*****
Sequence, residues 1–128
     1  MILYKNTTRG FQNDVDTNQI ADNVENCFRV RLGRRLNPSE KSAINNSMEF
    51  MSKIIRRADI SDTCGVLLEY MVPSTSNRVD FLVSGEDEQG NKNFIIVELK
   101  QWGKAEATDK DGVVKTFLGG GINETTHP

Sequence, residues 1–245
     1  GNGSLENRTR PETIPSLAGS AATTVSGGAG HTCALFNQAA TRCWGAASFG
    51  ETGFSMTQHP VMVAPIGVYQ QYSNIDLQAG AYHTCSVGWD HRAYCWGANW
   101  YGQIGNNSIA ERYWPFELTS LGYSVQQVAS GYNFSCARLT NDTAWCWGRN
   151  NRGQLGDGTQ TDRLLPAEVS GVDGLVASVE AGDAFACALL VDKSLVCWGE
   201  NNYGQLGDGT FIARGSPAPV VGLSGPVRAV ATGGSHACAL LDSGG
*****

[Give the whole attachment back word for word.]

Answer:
Sequence, residues 1–128
     1  MILYKNTTRG FQNDVDTNQI ADNVENCFRV RLGRRLNPSE KSAINNSMEF
    51  MSKIIRRADI SDTCGVLLEY MVPSTSNRVD FLVSGEDEQG NKNFIIVELK
   101  QWGKAEATDK DGVVKTFLGG GINETTHP

Sequence, residues 1–245
     1  GNGSLENRTR PETIPSLAGS AATTVSGGAG HTCALFNQAA TRCWGAASFG
    51  ETGFSMTQHP VMVAPIGVYQ QYSNIDLQAG AYHTCSVGWD HRAYCWGANW
   101  YGQIGNNSIA ERYWPFELTS LGYSVQQVAS GYNFSCARLT NDTAWCWGRN
   151  NRGQLGDGTQ TDRLLPAEVS GVDGLVASVE AGDAFACALL VDKSLVCWGE
   201  NNYGQLGDGT FIARGSPAPV VGLSGPVRAV ATGGSHACAL LDSGG